I’ve spent a lot of time, over the years, wondering at this strange phenomenon. In the case of the dots drawn randomly on a sheet of paper, any individual dot could take no special pride in its popularity or blame for its loneliness. It was, after all, just a question of luck.
Life, though, isn’t a static piece of paper, and we are not dots placed randomly. Instead, life is a frenetic swirl of dots constantly in motion, arrows forming and dissolving and reforming all the time. Of course, as I have also learned in the years since I was a teenager, life isn’t as binary as I was taught to believe. I grew up with the idea that happiness consisted in one dot finding a compatible dot and then drawing and maintaining strong connecting lines between the two. But I now know that there exist dots that are not satisfied with just a single arrow.
In addition, in life there are a million variables that go into whether anyone else will like us or want to spend time with us. Surely, the logic must go, there are enough of those variables over which I have control that I was largely responsible for my past conditions, that I must assume the burden of responsibility for my current state, and that I could, with enough skill and foresight, change my future from being a dot with only an outgoing arrow, to one with a matching incoming connection.
Or maybe not. Maybe there’s just something about us over which we don’t really have any control, something as unchangeable for us as the location in which a dot has been randomly yet irrevocably drawn on a sheet of paper. Each dot on the page has an x and a y that it can’t change. Maybe we have a through z—or aaa through zzz—that we can’t.
Perhaps it’s a bit like that seemingly universal experience in grade school where all the children are lined up on the playground and two team captains are picking from among them, one at a time, for kickball. There’s always that one kid who gets picked last. And no matter how many times this scenario plays out, sport after sport, year after year, it’s always the same kid nobody wants.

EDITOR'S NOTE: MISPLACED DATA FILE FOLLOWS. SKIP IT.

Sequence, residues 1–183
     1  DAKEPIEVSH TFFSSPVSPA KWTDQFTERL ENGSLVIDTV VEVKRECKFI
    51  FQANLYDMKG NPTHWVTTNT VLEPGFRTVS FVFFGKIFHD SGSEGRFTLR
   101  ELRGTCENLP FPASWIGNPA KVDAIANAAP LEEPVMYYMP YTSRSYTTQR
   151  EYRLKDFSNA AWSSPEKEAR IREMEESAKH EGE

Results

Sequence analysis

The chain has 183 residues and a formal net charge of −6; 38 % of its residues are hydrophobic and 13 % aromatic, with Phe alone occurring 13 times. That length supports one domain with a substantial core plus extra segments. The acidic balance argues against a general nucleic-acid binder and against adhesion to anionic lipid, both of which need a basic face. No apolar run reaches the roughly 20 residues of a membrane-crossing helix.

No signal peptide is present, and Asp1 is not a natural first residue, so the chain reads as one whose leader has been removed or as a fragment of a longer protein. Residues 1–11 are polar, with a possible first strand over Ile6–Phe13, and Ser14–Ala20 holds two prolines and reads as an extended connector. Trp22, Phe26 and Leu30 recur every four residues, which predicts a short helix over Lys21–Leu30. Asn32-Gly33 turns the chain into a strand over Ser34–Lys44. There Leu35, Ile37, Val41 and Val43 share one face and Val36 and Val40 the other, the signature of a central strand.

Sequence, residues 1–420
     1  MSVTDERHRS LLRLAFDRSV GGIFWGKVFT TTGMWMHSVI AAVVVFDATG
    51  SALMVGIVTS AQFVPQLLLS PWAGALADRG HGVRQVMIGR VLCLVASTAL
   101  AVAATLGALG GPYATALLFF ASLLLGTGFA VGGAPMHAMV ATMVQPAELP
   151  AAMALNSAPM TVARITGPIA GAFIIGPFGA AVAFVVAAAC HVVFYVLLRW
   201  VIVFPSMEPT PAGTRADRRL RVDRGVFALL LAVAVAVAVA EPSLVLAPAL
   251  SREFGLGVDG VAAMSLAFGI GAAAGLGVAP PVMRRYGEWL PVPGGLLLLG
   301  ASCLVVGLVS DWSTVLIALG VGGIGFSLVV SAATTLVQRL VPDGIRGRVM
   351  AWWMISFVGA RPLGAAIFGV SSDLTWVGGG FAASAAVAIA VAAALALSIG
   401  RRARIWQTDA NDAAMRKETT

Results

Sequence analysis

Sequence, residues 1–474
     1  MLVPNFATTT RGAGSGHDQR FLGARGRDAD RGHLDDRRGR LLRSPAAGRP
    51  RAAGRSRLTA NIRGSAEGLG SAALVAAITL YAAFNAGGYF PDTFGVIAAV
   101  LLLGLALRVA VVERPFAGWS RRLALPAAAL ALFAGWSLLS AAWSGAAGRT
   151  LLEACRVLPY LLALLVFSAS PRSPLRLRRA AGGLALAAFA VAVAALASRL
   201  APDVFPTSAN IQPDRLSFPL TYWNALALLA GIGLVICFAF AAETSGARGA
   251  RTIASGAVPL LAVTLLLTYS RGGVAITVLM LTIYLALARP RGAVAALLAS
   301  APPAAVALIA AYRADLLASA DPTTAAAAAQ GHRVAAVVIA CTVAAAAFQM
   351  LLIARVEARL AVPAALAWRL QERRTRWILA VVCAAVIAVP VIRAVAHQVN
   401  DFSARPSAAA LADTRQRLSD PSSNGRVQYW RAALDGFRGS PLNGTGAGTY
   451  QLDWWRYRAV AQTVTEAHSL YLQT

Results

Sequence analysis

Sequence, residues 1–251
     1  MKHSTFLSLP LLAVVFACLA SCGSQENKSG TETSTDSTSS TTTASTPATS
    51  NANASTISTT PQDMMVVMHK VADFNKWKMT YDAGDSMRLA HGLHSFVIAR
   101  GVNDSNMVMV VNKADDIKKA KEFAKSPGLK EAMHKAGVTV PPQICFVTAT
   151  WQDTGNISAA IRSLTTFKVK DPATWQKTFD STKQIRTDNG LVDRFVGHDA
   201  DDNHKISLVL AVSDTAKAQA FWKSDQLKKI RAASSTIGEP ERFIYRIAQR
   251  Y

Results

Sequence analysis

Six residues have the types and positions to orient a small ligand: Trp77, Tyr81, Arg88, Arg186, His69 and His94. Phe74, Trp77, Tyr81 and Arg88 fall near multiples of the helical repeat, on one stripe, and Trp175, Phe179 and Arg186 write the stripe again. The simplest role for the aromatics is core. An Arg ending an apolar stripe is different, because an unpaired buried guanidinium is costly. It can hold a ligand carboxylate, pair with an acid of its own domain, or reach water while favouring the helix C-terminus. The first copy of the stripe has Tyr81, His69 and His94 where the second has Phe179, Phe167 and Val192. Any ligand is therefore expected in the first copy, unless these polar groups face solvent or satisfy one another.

It seems to me that all the school children inherently understand why. Nobody has to discuss it. Nobody has to explicitly state what qualities make that kid undesirable. No matter which two kids are chosen as team captains, it’s always that same kid who gets picked last. Everyone just gets it.
Everyone, that is, except for that kid. He can’t figure it out. He doesn’t know what he has to do differently to be chosen.
The truth of it is, though, it doesn’t matter what he does differently. He still won’t be chosen. He doesn’t have what it takes. Sports is just not his thing.
You wish someone would explain this to him. You wish someone would say to him: “Stop caring about this. There are more areas of life than sports.” Because you know he’ll never be happy standing in that line over and over again.
I know, because I’ve been that kid.
I know, because I still am that kid.
The kid nobody picks.
I’m included in the number that answers the math problem. I’m a dot with an arrow pointing to a dot whose arrow is pointing somewhere else. Being a dot without a reciprocal arrow is more common than you might think. You thought I wouldn’t tell you the answer, but I’ve done the math: F(n) = 0.3785n. In other words, roughly 38% of the dots are unpaired. It gets worse, though. That’s the answer for a dot in just two dimensions: x and y. As you increase the number of dimensions, say, for example, to the potentially millions of human attributes, the answer becomes F(n) = 0.5n. The same odds as the flip of a coin.
I think it’s time to accept the reality of the situation. Since nobody else seems to want to, it’s time for me to tell myself: “Stop caring about this. There are more areas of life than relationships.” It’s time to stop waiting for an incoming arrow that is never going to materialize. And time, too, to stop sending out an arrow to a dot that is pointing its own arrow somewhere else.
Pretty much all my life I’ve been the dot with no incoming arrow. Now I need to be the dot without any arrows at all.
I just need to figure out how.